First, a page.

Wind Gate

From Wikipedia, the free encyclopedia
Jump to navigation Jump to search
Wind Gate
Wind Gate, Reed College, Portland (2014).jpg
The sculpture in 2014
Wind Gate is located in Reed College Portland OR
Wind Gate
Wind Gate
Location on the Reed College campus
ArtistHilda Grossman Morris
Year1980 (1980)
Dimensions3.7 m × 2.1 m × 2.1 m (12 ft × 7 ft × 7 ft)
Condition"Treatment needed" (1994)
LocationPortland, Oregon, United States
Coordinates45°28′50″N 122°37′50″W / 45.480572°N 122.63065°W / 45.480572; -122.63065Coordinates: 45°28′50″N 122°37′50″W / 45.480572°N 122.63065°W / 45.480572; -122.63065
OwnerReed College

Wind Gate, also known as Wind Passage and Windgate,[1] is an outdoor bronze sculpture by American artist Hilda Grossman Morris, located in front of Eliot Hall on the Reed College campus in Portland, Oregon, United States. It was created during 1967–1968 and permanently installed on the campus in 1980.[1][2]


The cast and welded bronze sculpture measures approximately 12 feet (3.7 m) x 7 feet (2.1 m) x 7 feet (2.1 m), marking Morris' largest sculpture up to the time it was completed. The Smithsonian Institution categorizes the work as abstract, allegorical (wind) and architectural (gate).[2] It has been described as "three knife-sail forms that slash through space, radiating out from a central void at roughly equal distances from each other."[1]


The sculpture is permanently installed on the lawn of Eliot Hall.

Wind Gate took two years to create (1967–1968) and was largely completed in Morris' studio in the Mariana foundry in Pietrasanta, Italy.[2] The piece was installed permanently in 1980 and dedicated at the October exhibition of the Reed Art Associates, called "Hilda Morris: Wind Gate". On October 11, a ceremony was held on the front lawn of Eliot Hall after a reception in the faculty office building gallery.[2] A "process exhibition" showcasing how Morris created Wind Gate was displayed from October 9 to November 11. It featured studies in the form of a bronze maquette and a midstage bronze, original plaster sections, drawings, and pictures of the casting and installation processes.[2]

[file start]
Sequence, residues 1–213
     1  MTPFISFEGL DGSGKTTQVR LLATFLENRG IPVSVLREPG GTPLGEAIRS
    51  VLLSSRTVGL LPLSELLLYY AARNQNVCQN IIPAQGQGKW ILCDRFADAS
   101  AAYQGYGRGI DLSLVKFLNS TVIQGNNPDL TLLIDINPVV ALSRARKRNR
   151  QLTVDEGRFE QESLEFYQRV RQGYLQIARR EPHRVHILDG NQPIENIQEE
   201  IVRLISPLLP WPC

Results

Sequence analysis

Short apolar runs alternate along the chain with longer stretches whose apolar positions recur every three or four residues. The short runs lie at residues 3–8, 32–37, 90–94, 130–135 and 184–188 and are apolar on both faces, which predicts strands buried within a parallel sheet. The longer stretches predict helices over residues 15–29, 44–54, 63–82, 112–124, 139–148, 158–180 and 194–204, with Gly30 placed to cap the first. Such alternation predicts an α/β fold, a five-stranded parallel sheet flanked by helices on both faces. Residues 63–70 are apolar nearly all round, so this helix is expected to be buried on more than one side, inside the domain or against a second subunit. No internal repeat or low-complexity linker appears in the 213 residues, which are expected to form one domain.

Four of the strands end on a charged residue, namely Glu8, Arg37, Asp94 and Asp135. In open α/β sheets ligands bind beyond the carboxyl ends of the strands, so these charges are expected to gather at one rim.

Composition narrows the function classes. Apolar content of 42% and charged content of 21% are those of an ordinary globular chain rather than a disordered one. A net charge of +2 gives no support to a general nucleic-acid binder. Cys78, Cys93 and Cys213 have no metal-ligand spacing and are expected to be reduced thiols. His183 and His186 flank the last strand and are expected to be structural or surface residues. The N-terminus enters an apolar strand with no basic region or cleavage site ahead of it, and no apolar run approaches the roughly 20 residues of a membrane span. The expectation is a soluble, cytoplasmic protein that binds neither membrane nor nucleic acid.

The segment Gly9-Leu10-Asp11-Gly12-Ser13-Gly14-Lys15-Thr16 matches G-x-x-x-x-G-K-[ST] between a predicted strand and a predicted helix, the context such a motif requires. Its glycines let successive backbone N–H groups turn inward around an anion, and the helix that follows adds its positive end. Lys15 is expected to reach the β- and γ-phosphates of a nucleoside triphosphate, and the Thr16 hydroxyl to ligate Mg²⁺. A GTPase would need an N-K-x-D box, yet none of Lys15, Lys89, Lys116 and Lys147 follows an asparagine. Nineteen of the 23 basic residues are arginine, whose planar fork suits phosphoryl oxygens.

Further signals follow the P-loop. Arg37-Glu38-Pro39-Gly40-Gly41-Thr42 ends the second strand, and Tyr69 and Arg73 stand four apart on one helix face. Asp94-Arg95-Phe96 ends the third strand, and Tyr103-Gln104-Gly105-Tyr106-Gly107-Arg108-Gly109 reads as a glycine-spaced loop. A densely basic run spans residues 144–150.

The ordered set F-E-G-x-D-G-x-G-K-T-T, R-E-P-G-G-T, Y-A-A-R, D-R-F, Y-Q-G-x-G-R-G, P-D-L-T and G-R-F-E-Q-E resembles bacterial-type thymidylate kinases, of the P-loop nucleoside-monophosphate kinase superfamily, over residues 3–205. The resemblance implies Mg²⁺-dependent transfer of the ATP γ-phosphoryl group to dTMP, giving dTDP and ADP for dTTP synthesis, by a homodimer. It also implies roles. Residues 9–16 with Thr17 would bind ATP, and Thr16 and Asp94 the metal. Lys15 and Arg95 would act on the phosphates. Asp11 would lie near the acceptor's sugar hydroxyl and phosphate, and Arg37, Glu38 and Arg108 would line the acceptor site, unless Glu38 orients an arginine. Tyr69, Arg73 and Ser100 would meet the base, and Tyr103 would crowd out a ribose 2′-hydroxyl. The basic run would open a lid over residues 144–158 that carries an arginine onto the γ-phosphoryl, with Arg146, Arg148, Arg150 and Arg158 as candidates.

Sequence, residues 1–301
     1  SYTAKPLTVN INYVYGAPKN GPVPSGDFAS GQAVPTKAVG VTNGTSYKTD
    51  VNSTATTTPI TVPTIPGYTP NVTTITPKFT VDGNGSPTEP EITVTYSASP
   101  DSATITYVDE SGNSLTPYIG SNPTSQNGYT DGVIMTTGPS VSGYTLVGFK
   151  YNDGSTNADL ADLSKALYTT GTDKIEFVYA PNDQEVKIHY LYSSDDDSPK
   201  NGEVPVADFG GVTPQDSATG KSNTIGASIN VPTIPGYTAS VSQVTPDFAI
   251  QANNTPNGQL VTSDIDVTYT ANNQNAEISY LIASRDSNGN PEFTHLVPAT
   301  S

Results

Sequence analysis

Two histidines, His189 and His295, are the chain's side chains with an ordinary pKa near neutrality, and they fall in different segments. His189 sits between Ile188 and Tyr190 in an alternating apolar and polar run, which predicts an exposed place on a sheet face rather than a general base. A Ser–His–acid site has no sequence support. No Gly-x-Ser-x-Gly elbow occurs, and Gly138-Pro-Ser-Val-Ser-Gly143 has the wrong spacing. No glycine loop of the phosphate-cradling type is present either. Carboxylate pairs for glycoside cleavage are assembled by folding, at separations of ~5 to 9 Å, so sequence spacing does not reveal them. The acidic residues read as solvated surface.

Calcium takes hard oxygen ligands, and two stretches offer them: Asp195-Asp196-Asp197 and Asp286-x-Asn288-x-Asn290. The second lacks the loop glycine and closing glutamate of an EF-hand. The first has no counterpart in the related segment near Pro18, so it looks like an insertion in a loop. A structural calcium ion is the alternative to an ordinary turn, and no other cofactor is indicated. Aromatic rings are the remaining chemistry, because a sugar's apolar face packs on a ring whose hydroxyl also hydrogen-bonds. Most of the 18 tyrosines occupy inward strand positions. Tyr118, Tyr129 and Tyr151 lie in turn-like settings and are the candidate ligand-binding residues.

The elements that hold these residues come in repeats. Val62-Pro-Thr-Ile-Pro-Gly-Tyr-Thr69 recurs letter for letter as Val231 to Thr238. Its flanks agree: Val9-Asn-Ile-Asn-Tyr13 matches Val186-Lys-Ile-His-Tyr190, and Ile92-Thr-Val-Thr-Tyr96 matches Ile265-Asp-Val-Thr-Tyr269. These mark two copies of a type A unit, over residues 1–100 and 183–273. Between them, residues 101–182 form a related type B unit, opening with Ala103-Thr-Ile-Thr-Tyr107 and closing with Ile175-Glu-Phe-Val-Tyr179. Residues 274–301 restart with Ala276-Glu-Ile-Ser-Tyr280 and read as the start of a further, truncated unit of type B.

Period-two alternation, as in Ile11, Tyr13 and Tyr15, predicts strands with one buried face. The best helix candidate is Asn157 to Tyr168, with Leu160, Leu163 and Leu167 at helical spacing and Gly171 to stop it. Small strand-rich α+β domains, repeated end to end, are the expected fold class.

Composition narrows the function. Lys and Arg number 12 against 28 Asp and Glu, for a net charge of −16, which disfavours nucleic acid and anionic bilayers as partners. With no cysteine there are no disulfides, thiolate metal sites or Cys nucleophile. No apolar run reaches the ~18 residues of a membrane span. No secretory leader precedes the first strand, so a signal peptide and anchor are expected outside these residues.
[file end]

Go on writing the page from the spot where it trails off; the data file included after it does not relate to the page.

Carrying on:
Financial contributors included Morris, the J.M. Kaplan Fund, Mr. and Mrs. Julian Cheatham, Mr. and Mrs. Alfred Corbett, Mr. and Mrs. C. Girard Davidson, Mrs. Joan Kaplain Davidson, Mr. and Mrs. Paul Feldenheimer, Mrs. and Mrs. Carl Halvorson, Mr. and Mrs. Harold Hirsch, Mr. and Mrs. John Platt, Mr. and Mrs. David Pugh, Mr. and Mrs. Howard Vollum, Mrs. Simeon Reed Winch, the H.A. Andersen Company, Northwest Stone, Skidmore, Owings & Merrill, and the Wilhelm Trucking Company.[2]

According to Scott Sonniksen, then Reed gallery director and associate professor of art, Morris' exhibition marked the last in the faculty office building gallery. He said, "It is quite fitting that she bring to a close the long tradition of fine art exhibitions in the old gallery, because of her long association with the College."[2] The exhibition program was then moved to the college center. The gallery series, of which Morris' exhibition was a part, was supported by the Reed Art Associates, Metropolitan Arts Commission, Oregon Arts Commission and the National Endowment for the Arts.[2]

The sculpture's condition was deemed "treatment needed" by Smithsonian's "Save Outdoor Sculpture!" program in 1994.[1] It is administered by Reed College.[1]

See also[edit]

External images
The sculpture Windgate by Hilda Morris, 1980
Students on the Great Lawn, 1981
Student reading on the Great Lawn, 1993
Students on the Great Lawn, 2010


  1. ^ a b c d e "Wind Gate, (sculpture)". Smithsonian Institution. Retrieved September 24, 2014.
  2. ^ a b c d e f g h "College to dedicate Morris sculpture". Reed. 60 (2). October 1980. Retrieved September 24, 2014.